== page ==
Checks and Balances in government
Why are there three separate and distinct branches of government, each with a different function? The framers of the Constitution did not wish to return to the totalitarian system of governance imposed on colonial America by the British government.
To ensure that no single person or entity had a monopoly on power, the Founding Fathers designed and instituted a system of checks and balances. The president's power is checked by the Congress, which can refuse to confirm his appointees, for example, and has the power to impeach, or remove, a president. Congress may pass laws, but the president has the power to veto them (Congress, in turn, may override a veto). And the Supreme Court can rule on the constitutionality of a law, but Congress, with approval from two-thirds of the states, may amend the Constitution.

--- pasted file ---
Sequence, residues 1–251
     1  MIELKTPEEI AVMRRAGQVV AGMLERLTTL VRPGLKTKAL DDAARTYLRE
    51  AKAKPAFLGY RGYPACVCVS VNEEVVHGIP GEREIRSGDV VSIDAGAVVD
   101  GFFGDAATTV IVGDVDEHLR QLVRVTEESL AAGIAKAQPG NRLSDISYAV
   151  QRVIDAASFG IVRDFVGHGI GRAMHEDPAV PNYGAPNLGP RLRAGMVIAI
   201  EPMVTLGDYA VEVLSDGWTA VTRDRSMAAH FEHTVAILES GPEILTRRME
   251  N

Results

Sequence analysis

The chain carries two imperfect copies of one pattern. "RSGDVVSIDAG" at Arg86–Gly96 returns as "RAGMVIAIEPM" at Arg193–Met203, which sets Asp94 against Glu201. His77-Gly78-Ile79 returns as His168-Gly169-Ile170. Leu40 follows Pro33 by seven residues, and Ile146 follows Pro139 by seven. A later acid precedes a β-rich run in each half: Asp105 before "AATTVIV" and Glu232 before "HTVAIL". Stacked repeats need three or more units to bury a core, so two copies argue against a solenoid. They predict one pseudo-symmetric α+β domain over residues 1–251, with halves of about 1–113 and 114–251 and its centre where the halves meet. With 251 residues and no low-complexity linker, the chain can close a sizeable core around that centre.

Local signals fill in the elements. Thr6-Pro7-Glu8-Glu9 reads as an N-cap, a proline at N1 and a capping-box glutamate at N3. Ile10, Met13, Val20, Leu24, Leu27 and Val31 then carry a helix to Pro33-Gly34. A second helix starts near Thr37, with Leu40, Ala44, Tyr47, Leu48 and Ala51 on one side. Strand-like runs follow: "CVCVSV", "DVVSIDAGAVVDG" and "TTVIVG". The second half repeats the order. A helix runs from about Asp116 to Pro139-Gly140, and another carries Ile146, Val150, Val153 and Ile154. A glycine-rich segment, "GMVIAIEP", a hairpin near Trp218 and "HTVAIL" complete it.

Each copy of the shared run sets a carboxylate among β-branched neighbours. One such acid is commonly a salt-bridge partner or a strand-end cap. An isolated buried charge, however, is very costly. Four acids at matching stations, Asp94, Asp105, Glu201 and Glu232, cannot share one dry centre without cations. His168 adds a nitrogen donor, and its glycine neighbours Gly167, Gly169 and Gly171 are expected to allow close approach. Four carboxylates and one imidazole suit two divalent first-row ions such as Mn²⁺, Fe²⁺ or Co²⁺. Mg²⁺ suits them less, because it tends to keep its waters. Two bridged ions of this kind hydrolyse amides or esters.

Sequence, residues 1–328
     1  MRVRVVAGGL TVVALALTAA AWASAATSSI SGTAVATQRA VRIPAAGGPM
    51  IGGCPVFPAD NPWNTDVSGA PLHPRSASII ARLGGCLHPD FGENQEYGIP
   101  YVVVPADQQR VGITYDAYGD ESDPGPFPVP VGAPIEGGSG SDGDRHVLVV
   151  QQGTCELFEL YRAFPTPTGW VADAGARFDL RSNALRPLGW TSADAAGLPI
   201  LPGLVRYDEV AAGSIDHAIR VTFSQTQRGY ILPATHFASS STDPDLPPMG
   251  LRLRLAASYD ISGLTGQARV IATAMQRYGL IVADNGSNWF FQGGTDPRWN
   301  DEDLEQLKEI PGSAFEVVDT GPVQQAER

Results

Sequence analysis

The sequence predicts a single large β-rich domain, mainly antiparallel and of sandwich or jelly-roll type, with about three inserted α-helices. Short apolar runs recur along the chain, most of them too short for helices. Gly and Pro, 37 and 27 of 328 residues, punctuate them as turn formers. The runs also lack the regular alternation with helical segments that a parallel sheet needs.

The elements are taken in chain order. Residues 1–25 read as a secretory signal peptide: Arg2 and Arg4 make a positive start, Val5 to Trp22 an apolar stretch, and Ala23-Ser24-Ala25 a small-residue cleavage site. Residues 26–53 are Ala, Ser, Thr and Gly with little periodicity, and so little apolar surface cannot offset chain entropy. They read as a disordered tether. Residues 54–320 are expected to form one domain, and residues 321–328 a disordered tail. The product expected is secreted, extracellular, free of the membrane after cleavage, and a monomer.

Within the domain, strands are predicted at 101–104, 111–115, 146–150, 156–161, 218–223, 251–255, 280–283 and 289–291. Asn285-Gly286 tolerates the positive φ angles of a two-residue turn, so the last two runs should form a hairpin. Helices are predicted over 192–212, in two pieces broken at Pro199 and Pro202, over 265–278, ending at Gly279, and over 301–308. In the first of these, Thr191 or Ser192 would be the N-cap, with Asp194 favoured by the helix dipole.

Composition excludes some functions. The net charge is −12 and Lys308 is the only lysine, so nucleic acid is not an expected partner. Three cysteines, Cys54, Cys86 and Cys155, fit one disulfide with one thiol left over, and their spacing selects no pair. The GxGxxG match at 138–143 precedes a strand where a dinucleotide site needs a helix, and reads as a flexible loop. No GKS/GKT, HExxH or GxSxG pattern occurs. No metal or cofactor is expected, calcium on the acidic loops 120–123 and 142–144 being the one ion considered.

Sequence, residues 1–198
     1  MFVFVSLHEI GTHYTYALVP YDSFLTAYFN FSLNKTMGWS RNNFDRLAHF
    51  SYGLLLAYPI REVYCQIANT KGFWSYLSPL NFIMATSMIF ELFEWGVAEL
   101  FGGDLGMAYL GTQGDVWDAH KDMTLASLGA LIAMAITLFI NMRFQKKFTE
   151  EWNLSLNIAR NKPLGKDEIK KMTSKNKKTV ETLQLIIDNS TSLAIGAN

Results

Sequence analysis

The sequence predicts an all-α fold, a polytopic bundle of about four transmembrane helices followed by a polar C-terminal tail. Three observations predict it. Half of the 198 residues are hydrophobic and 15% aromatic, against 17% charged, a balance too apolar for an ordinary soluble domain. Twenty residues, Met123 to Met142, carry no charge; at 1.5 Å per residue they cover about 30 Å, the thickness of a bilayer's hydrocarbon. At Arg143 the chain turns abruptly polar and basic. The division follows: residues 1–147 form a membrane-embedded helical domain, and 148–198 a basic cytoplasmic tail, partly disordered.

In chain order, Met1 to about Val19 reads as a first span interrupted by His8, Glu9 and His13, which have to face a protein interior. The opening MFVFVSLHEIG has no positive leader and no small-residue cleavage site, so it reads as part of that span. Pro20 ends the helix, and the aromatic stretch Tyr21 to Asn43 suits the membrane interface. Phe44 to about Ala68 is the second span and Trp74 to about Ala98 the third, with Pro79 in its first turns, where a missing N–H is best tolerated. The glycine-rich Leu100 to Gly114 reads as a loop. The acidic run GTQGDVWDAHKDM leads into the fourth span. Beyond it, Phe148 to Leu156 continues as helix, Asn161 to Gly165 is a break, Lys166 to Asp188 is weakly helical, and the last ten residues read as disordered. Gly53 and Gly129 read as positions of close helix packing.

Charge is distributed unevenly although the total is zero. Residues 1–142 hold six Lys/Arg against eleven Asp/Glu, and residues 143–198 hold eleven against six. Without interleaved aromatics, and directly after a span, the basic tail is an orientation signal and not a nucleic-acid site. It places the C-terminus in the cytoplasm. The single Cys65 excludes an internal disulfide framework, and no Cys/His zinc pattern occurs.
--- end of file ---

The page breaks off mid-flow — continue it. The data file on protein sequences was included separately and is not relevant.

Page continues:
The purpose of the three branches of Government (Judicial, Executive and Legislative) is a concept known as checks and balances. Checks and balances ensures that no person or group accumulates too much power or is able to make decisions without oversight. An unofficial fourth branch of the government is the media, owned and operated by the public to be informed by sources other than those in control of the government, since their careers and positions are largely determined by public opinion it gives the media some measure of power among the three main branches.
Separation of Powers: A System of Checks and Balances
Because, 'All Men Having Power Ought be Mistrusted.'